WORD:  (Gr.logos)–“Corrupt communication,” (logos sapros)–literally: “rotten word” signifies a useless, putrid, unsavory, and obscene word or conversation.  It is talk that is “rotten,” that spreads rottenness like bad fruit.  Such talk is worthless and leads others to think on the worthless.  It is the opposite of “good” (agathos).

         Oh, how much we need to heed this exhortation, for what terrible things our tongues do!  Some people have tongues that are as sharp as razor blades, and they use them on everyone with whom they come into contact.  Your tongue can be either a mouthpiece for the old nature, or for the new nature.  God wants you to yield that member unto Him. 
         An uncontrolled tongue in the mouth of a believer is the index of a corrupt life.  Believers who use the shady or questionable stories reveal a heart of wickedness.  What is in the well of the heart will come up by the bucket full at the mouth. 

“but that which is good to the use of edifying,”
Literally:  “but if any {is} good to building up{in respect to} the need”–For the build-up of the need, “for supplying help when there is need.” Let no other words come out.

         The phrase, “that which is good,” in the KJV is really not a good rendering of the Greek phrase (ei tis agathos), which would be better rendered as, “if any {is} good.” Next, Paul tells them what they should speak: That which is profitable and edifying, and that which may minister increase of grace to the hearers. Our speech should be so gracious and savory, seasoned with salt, (Col. 4:6).
         Truth, holiness, and prudence, are the salt of our words; Christians must not suffer their tongues to run at random in their ordinary discourse; it is not sufficient that they do not speak to evil purposes, but they must speak to edifying purpose; that which has a tendency to make the hearers some way or other either wiser or better, this the apostle calls that which is good to the use of edifying.

“to the use of edifying
Literally, “for building up {in respect to} the need;” that is, for building up where it is needed.

Seasonably edifying; according as the occasion and present needs of the hearers require, now censure, at another time consolation. Even words good in themselves must be introduced seasonably lest by our fault they prove injurious instead of useful. Our words should be as nails fastened in a sure place, words suiting the present time and the present person, being “for the edifying of the occasion” (Col. 4:6).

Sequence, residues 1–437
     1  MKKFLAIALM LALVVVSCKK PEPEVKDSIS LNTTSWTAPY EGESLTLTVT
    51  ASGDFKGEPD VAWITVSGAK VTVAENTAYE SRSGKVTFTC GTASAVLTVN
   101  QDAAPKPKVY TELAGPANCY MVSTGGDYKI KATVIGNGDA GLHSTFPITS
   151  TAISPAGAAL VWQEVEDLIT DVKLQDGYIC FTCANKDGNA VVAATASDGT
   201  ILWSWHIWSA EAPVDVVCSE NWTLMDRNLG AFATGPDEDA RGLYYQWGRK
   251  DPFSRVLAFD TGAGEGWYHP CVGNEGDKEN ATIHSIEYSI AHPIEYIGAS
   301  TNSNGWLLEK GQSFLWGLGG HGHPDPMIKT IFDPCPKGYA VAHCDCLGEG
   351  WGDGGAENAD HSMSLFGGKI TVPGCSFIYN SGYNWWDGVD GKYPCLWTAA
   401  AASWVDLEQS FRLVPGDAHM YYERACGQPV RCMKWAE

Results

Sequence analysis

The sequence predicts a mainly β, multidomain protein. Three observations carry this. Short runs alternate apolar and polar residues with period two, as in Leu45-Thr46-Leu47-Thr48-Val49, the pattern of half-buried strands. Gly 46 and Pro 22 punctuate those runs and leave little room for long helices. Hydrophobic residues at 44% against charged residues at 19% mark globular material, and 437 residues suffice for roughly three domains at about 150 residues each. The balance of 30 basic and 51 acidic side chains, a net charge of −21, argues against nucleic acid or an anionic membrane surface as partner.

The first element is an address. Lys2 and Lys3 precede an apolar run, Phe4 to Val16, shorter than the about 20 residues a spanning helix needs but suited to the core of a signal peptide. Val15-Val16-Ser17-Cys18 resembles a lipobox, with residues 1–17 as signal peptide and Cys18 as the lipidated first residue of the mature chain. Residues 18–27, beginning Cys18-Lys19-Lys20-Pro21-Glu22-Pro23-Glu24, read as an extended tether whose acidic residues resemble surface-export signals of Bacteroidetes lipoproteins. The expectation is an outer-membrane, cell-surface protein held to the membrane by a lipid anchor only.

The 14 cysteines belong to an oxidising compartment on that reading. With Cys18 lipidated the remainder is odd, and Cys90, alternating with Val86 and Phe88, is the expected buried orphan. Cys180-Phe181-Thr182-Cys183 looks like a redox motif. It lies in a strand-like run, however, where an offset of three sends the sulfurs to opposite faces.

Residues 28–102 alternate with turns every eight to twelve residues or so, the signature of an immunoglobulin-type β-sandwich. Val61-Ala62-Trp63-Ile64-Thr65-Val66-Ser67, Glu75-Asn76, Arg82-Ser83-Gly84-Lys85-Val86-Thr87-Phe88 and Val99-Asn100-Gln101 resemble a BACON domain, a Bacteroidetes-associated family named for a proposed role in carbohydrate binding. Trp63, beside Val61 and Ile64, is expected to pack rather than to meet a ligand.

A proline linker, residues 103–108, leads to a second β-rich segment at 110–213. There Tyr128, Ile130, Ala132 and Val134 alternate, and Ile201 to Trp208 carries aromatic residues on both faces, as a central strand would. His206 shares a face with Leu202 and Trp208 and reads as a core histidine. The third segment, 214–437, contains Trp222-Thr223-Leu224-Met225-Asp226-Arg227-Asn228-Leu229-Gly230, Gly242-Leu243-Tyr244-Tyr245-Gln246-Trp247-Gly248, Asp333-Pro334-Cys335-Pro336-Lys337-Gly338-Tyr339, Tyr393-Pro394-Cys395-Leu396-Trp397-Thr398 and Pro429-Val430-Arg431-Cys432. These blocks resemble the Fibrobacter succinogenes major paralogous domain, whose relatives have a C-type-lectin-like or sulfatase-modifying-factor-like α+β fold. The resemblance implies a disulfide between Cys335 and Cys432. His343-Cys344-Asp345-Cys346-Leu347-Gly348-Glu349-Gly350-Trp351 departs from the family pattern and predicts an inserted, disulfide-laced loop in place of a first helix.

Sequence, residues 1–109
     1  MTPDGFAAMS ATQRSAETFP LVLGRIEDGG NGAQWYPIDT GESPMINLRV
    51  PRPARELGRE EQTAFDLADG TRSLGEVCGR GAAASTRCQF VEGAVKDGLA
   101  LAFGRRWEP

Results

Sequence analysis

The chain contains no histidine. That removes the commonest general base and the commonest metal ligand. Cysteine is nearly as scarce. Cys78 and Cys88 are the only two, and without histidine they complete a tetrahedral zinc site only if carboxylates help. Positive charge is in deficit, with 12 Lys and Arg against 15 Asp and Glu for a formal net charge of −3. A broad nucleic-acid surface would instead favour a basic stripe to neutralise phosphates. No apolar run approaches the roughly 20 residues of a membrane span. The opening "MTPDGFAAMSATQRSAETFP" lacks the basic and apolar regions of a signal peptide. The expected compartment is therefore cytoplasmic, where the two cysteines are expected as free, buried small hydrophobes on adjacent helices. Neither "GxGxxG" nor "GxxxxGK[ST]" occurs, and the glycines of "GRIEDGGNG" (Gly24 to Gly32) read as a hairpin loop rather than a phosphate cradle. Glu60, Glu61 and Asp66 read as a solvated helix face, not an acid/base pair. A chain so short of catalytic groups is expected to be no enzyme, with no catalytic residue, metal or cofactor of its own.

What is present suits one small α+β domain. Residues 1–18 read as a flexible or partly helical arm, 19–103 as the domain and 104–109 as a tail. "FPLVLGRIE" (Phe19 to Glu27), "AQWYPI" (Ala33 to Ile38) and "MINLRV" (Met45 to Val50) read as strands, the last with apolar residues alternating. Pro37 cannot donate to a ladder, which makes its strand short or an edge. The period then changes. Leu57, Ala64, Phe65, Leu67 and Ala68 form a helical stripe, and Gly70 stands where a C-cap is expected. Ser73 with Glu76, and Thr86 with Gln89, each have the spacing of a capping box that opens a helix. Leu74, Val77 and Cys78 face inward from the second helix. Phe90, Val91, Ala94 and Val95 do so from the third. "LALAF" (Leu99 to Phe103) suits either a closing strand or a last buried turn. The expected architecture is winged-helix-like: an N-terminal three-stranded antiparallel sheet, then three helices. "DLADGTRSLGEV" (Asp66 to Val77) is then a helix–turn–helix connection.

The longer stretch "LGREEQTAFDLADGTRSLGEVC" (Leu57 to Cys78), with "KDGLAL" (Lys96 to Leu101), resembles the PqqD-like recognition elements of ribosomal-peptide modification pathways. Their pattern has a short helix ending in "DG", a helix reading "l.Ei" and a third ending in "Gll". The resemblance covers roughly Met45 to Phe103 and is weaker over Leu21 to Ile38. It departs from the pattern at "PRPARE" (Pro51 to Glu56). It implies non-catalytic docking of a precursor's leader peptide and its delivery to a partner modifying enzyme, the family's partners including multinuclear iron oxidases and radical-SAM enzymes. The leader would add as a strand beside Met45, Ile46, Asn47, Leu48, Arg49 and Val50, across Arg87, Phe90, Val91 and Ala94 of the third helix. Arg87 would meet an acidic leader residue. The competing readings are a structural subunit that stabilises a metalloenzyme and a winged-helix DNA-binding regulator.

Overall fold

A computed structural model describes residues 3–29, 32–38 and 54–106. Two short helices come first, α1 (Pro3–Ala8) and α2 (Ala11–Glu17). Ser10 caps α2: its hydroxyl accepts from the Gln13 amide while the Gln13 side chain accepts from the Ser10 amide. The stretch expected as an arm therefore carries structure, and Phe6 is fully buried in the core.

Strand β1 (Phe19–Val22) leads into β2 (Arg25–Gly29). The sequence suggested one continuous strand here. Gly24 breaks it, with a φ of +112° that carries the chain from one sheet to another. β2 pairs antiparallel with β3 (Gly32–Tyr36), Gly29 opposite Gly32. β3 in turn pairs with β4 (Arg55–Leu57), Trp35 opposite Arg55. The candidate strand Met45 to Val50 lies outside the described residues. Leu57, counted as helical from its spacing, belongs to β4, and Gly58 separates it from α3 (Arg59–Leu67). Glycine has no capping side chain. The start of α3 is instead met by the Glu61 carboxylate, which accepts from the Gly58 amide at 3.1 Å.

EDIFYING:  (Gr.oikodomên)–Literally:  “building up.” To edify profitably; that is, adapted to instruct, counsel, and comfort others; to promote their intelligence and purity.

Speech is an invaluable gift; a blessing of inestimable worth. We may so speak as always to do good to others. We may give them some information which they have not; impart some consolation which they need; elicit some truth by friendly discussion which we did not know before, or recall by friendly admonition those who are in danger of going astray. He who talks for the mere sake of talking will say many foolish things; he whose great aim in life is to benefit others will not be likely to say that which he will have occasion to regret.

“that it may minister grace unto the hearers”
Literally:  “that it may give grace to the ones hearing”–The word spoken “gives grace to the hearers” when God uses it as His instrument for that purpose.

         The speech of the believer should be on the high plane of instructing and communicating encouragement to other believers.  You can have fun and enjoy life—humor does have its place—but our humor should not be dirty or filthy.  Instead of gossiping about people, let your tongue be used to tell forth the glories of His grace, and produce triumphs instead of tragedies.

This may be understood this way
1.      Let your conversation be pure, wise, and holy, that it may he the means of conveying grace, or Divine influences, to them that hear.
2.      Let it be such as to be grateful or acceptable to the hearers.  This is the meaning of “that it may give grace.”  And if possible, speak so as to please them.
3.      Let your words never wound modesty, truth, or the Christian faith and endeavor to edify those with whom you converse.